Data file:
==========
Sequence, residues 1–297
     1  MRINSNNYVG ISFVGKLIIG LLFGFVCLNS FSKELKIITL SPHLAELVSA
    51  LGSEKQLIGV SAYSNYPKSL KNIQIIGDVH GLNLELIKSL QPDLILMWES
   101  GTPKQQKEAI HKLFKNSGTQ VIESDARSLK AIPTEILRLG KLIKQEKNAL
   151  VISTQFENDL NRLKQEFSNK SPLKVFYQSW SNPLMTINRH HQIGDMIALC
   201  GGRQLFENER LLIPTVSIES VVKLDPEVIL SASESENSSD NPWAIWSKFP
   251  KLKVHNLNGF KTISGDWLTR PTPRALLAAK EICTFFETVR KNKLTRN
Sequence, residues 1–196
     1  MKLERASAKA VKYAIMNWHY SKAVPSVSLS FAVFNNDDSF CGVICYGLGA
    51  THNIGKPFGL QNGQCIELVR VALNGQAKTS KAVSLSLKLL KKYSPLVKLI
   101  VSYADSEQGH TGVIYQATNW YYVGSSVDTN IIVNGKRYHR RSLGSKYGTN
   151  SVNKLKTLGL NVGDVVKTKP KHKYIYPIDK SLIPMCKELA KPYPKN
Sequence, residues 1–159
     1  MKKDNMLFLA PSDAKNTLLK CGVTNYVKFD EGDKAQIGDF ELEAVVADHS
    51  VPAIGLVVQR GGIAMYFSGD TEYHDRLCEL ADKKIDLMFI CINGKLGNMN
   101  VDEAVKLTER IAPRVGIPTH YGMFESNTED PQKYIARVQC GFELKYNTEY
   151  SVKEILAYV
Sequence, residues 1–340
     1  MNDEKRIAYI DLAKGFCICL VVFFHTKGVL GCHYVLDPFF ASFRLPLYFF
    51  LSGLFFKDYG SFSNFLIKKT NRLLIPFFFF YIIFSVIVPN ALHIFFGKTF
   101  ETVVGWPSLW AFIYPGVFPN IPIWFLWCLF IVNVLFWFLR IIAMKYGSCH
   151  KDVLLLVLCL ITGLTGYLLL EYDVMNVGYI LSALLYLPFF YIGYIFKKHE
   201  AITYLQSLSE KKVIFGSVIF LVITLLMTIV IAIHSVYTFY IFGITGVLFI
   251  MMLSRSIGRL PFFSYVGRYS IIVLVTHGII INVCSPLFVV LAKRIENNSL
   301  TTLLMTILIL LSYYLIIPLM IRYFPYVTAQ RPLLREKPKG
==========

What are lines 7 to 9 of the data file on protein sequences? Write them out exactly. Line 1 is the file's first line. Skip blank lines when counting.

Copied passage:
   251  KLKVHNLNGF KTISGDWLTR PTPRALLAAK EICTFFETVR KNKLTRN
Sequence, residues 1–196
     1  MKLERASAKA VKYAIMNWHY SKAVPSVSLS FAVFNNDDSF CGVICYGLGA